Manchester University Announces Nursing Program
New Manchester health sciences initiatives begin, to pursue nursing program
Manchester University President Dave McFadden today announced that the northeast Indiana school is developing a Bachelor of Science in Nursing program.
“As one of the cornerstones of the health professions, nursing represents a major step forward in MU’s new health science initiatives,” he said.
Manchester has hired Lea A. Johnson as vice president for health science initiatives, to plan, develop and launch this and other programs to meet market needs and help Manchester advance its mission to “graduate persons of ability and conviction who draw upon their education and faith to lead principled, productive and compassionate lives that improve the human condition.”
With more than 20 years of higher education experience, Johnson is known for her transformative leadership and for building partnerships. The former president of two health care colleges on the East Coast, she holds a doctorate in higher education management from the University of Pennsylvania and master’s degrees in nursing and public relations.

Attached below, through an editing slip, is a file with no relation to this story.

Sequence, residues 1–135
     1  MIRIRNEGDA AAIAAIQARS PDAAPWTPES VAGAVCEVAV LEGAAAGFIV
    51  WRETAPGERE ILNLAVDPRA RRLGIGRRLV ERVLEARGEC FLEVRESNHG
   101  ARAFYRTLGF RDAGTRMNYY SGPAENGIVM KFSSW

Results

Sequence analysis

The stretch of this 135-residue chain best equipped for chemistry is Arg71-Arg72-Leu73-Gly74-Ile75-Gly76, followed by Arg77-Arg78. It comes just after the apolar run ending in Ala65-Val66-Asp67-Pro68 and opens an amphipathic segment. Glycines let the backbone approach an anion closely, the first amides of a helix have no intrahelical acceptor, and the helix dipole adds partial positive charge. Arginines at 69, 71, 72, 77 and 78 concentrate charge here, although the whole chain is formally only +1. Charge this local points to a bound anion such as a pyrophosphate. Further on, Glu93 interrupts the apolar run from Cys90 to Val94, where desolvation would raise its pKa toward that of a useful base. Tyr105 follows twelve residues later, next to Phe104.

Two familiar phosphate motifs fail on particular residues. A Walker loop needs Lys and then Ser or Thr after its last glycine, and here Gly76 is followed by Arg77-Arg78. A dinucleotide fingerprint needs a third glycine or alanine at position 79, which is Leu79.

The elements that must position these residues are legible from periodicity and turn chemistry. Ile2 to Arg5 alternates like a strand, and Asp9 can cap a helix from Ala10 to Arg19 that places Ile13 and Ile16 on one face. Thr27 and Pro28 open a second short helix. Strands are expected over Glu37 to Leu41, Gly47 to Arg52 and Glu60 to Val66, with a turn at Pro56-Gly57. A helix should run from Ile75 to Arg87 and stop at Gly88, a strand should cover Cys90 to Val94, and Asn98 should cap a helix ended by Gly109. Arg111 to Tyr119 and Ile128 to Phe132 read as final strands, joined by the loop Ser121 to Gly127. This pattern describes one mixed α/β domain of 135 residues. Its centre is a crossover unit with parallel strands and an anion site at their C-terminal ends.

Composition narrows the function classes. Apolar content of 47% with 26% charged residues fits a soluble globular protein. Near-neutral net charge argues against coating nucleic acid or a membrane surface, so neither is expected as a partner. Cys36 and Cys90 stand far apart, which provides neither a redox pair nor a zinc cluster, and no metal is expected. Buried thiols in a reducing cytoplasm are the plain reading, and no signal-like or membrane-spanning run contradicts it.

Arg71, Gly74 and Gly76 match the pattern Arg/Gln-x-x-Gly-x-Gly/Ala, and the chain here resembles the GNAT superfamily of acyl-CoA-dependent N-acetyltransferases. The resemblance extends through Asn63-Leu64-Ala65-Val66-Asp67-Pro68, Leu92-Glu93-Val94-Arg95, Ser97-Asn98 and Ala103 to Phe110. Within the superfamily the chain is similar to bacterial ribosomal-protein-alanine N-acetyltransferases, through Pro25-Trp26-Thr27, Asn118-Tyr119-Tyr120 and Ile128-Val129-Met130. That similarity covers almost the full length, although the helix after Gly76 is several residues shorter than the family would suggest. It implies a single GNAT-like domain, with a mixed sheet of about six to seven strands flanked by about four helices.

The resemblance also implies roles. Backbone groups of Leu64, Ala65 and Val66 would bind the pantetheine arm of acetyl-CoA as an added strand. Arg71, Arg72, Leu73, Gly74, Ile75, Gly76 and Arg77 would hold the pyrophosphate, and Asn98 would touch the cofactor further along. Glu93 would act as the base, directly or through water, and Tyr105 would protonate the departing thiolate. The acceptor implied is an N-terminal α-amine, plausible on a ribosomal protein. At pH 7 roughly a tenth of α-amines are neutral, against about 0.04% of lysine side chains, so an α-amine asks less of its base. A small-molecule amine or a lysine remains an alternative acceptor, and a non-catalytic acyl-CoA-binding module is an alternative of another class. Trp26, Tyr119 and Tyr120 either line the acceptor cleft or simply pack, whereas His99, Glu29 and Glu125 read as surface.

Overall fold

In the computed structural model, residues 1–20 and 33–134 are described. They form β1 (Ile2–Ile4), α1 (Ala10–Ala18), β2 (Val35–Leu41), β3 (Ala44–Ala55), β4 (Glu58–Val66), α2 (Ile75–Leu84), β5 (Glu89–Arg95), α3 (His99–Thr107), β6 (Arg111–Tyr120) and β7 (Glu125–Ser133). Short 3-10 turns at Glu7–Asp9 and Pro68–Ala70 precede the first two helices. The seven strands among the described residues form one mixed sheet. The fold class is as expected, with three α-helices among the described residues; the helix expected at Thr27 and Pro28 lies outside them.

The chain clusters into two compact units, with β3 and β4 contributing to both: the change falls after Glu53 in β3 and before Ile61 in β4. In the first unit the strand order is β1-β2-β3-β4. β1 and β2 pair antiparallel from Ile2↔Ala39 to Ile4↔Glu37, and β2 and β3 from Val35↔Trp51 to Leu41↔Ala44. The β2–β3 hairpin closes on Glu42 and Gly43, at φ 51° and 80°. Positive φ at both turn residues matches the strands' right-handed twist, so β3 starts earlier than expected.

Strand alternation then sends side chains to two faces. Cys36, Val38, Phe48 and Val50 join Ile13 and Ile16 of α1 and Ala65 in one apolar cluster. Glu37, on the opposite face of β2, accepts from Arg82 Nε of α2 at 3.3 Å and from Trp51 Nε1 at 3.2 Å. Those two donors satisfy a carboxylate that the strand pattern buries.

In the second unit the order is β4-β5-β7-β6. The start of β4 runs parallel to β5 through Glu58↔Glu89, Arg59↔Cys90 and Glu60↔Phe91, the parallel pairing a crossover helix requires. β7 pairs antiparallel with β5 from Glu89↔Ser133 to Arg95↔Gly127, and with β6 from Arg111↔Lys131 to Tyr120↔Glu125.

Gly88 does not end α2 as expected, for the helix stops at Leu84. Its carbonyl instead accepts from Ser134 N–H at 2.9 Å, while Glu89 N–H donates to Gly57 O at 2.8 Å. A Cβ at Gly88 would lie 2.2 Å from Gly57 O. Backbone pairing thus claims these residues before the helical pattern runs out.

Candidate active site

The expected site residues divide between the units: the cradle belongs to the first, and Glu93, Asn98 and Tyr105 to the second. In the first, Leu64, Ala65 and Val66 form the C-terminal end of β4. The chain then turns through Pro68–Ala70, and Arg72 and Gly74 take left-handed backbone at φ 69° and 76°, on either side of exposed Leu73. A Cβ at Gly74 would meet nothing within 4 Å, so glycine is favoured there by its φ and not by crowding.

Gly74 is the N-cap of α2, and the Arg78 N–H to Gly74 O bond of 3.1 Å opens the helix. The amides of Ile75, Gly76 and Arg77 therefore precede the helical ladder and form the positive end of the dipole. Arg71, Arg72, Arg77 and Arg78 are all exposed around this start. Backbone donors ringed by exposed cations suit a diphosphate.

“Our next step will be to hire a nursing director and then pursue accreditation from the Indiana Board of Nursing and Higher Learning Commission,” Johnson said. “We know the need is great, so we will get started on that without delay.”
Nursing is a natural extension of Manchester’s historic strengths in health sciences, from preparation for medical, dental and optometry doctoral programs, and MU’s own Doctor of Pharmacy Program.
The interaction with nursing will create synergies with existing Manchester programs, such as the master’s degrees in pharmacogenomics (precision medicine) and athletic training, and new baccalaureate programs in global health and health communications.
Manchester expects its nursing program to be distinctive in several ways:
- It will focus on both rural and urban health.
- It will incorporate a strong interdisciplinary learning model.
- Nursing education at MU will be infused with liberal arts competencies such as communication, conflict resolution, critical thinking, cultural sensitivity, service, collaboration and leadership.
Demand for nurses is very high and many regions are experiencing shortages.
The Manchester University Board of Trustees voted unanimously at its winter meeting to approve the nursing plan.